Crying is never a sign of weakness.

A wish for what you might have said to make a difference can be turned into action: say what you mean today to those you love.

Some friends you choose, some choose you and sometimes you get lumped in and learn to love each other.

There is never any need to compare pain with one another.

Some people leave - but they never leave us.


Words have always been my strength. I rely on them and they always come through for me. But this week I learned that the words I hold in will lose their power. It does no good to think thoughts about someone's well-being and not express them. We often fear that we'll be seen as inappropriate or nosey. We worry if things are our business. We through about the words "how are you?" without even an expectation of a real answer.

Words, whether written or spoken, matter. They matter almost as much as touch. Almost as much as a hug. God, I hope that you gave me this gift of words for a better purpose. I promise that I will no longer keep that gift inside. I've used words to make money, to put food on the table, for my own selfish desires.

But what about blessing others? What about glorifying God? What about changing lives . . . or even the possibility of changing lives? What about delivering comfort? What about lifting spirits? What about telling someone that they matter?

I will do better.

Sunday, November 16, 2008


There's a great group of writing mothers that you might of heard about: The Writing Mothers. Lately, the list has been quiet. Which I'm convinced is because *I* have been quiet, except that would be giving myself a few more powers than I have (the sum is currently zero in the power department). But a very good discussion was sparked today and it seems like there are a few others out there who are also feeling frustratingly quiet.

I recently finished book #2, which will be released before book #1, so technically it will be my first book. Anyhoo...

This book was much harder to write than the first one (book one, which will be book two) because it had more technical info in it. There were certain topics that I knew, but I didn't know them to the depth which I needed to know them. Ya follow? For example, we all know that too much CO2 being released into the air is bad, right? But can you explain (with humor, wit and clarity please!) how much is too much? How many ppm is really bad and how many ppm is super-duper bad? Why is methane worse than CO2 and what's the difference between the concentrations and potency in our atmosphere?

So there was learning involved. And did I mention it was about 85,000 words?

The sheer size of it terrified me. But I did it. I finished.

And immediately I felt like I didn't want to write again for a year. I wanted to be just a mother, hanging out with my kids in the evening instead of rushing to the computer after I'd put them to bed. I wanted to catch up on all the shows I'd PVR'd without feeling guilty. And why did I feel guilty? Because every moment I wasn't writing, I knew I should be. Every moment I was writing, I felt like I should be with my kids. Every moment at my Day Job I felt like I should be either writing or with my kids, knowing that whichever I would choose I'd still go back to feeling guilty about not doing the other one.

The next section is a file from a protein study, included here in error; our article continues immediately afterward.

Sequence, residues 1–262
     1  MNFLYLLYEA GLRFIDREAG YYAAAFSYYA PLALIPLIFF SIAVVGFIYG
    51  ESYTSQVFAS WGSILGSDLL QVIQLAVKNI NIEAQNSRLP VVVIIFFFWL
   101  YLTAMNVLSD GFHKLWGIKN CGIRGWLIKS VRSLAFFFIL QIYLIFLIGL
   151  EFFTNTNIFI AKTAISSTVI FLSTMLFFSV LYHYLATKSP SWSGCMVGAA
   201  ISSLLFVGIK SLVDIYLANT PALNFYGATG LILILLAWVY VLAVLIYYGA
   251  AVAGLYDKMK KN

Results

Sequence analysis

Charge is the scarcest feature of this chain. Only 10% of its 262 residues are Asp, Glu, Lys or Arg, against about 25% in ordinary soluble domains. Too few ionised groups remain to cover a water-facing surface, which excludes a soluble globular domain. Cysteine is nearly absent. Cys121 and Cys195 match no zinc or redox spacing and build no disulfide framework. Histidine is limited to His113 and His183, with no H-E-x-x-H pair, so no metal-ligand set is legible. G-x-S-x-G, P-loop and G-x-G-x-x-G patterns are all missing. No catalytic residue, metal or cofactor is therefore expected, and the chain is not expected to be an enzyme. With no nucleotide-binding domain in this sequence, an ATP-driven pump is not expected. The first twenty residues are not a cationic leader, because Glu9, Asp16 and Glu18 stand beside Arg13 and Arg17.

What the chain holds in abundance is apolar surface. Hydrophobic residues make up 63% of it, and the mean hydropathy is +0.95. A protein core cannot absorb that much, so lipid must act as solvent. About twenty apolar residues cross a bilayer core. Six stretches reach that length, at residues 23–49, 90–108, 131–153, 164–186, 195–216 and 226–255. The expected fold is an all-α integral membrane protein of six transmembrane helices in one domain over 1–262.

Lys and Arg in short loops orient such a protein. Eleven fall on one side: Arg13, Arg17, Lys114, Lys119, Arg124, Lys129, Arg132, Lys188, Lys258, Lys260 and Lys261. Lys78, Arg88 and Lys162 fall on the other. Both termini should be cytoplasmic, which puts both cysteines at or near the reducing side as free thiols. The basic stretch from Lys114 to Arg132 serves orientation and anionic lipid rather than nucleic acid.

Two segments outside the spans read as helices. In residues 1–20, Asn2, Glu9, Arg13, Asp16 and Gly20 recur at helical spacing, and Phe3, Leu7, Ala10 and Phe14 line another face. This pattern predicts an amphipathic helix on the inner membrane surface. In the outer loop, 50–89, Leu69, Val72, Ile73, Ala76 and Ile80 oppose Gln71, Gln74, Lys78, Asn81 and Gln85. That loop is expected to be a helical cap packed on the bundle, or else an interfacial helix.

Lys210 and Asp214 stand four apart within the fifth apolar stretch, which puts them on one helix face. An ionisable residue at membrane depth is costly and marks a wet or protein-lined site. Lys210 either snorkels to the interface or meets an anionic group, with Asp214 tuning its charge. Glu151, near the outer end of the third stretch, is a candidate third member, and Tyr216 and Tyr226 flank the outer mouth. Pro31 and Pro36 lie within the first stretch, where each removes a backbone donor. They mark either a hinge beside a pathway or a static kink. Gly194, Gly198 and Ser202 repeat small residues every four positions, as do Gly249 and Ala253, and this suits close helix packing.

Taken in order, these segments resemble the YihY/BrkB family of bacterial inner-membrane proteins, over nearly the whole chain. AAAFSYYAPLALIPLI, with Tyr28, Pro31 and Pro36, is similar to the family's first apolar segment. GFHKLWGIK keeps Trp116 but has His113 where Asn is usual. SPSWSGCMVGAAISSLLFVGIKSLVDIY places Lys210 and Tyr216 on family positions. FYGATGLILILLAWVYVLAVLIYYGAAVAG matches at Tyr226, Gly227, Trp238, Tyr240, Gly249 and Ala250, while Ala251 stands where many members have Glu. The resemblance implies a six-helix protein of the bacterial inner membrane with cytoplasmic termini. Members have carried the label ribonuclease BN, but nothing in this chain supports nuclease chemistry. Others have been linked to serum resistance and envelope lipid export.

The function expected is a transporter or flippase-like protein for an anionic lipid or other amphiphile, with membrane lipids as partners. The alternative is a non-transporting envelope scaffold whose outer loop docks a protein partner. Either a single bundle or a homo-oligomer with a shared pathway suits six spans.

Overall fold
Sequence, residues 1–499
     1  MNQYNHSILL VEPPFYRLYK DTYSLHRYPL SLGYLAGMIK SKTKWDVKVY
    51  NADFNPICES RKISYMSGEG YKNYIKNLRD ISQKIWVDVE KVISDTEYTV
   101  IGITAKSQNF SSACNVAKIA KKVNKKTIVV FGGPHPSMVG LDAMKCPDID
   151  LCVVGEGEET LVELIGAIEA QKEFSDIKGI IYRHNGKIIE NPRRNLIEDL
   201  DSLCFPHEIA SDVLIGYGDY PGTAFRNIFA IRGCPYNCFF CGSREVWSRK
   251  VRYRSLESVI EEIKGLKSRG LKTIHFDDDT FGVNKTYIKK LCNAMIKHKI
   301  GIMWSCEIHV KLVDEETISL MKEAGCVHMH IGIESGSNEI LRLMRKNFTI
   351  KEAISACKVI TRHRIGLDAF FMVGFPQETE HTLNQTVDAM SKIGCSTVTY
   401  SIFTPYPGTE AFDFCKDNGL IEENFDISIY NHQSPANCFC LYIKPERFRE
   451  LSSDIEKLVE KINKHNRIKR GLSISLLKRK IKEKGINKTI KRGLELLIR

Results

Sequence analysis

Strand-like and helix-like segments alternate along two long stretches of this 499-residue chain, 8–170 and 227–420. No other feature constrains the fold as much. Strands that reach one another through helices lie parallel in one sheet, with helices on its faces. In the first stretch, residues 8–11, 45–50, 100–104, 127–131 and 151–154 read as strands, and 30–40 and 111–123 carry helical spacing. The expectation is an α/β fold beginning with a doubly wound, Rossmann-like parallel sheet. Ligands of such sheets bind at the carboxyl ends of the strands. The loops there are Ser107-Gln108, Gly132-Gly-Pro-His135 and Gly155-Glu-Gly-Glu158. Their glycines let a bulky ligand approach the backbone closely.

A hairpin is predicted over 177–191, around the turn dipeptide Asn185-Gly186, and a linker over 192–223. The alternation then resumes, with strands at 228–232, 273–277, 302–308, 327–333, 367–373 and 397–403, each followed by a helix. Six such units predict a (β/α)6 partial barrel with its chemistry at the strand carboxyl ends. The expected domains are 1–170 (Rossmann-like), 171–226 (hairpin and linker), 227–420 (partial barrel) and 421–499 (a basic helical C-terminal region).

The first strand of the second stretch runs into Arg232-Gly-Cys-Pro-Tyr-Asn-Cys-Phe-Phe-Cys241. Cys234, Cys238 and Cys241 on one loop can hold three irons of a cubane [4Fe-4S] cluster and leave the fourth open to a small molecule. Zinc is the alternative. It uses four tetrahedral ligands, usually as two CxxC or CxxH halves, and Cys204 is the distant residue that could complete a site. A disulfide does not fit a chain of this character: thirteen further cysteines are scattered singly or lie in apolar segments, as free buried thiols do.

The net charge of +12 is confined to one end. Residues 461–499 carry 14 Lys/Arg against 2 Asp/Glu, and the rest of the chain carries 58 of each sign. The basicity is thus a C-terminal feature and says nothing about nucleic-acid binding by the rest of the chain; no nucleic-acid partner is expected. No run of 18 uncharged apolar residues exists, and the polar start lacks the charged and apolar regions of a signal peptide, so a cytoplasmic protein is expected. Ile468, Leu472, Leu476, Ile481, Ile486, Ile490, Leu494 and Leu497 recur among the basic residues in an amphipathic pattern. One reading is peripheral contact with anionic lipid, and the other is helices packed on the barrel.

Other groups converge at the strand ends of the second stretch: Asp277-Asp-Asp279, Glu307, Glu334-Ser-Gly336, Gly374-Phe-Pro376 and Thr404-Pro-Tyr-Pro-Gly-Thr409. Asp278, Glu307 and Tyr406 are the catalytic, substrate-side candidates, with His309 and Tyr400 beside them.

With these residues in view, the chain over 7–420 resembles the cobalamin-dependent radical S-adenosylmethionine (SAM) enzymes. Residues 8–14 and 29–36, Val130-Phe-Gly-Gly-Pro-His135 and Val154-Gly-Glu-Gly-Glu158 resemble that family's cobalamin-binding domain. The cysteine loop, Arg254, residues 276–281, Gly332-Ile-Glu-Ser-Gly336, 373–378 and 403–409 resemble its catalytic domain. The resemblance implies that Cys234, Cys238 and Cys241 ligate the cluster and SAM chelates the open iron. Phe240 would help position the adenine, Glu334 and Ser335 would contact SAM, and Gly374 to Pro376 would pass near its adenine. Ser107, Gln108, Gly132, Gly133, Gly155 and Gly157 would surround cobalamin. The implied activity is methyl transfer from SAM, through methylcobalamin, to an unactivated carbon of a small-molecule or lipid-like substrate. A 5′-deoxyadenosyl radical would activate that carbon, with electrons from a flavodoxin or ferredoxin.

What kind of craziness is this that I am afflicted with?!

Since I finished the book and finished the edits, I haven't written much. I've hardly blogged, I hardly email. I had one column due (yesterday) and I finished that (yesterday). But still I have been feeling like much less of a writer than I am used to. Because each time I sat down at the computer, I felt a certain amount of panic at what I had to accomplish. You don't know how many blog posts I started and then deleted because I'd get a paragraph in and think "this is stupid".

I think part of it was going through the edit process. My editor for this last book was wonderful. There were a lot of great comments on the manuscript that helped me to see where I needed to fix it and where I could improve. But as wonderful as the edits were, there's still that niggling voice that says "look at all the mistakes you made!" and my inner perfectionist comes out to perch upon my shoulder and make insinuating eyebrows at me.

So I started to not really want to write, I started to avoid it. Sure, I had things I wanted to write, but I didn't HAVE to - like blog posts. I started to let that procrastination habit creep back in. Then something happened. My friend Karen passed away and a package that I'd made up for her was still sitting, unsent at my office. I had procrastinated my way into a place I'd never been before, I actually missed a deadline (absolutely no pun intended on that one, though it would probably have made Karen smile) that I couldn't recover from.

Part of me just wanted to NOT do anything. If I didn't commit to anything, I would have no deadlines to miss. I embraced my inner slacker. Don't try so you don't miss anything.

But guess what? That's not me. I'm a driven person. I like to DO things. I like to take on scary projects that find me over my head. I think that it might even be the way God created me - willing to take a step or two on faith rather than leaning on my own understanding (or rationale). Willing to say "sure, I can do that" when I'm not sure if I can or not.

So here I am, Heather Cook, a reformed slacker. It was a dark moment, a quick foray into the unknown world of slackerdom. But I'm back.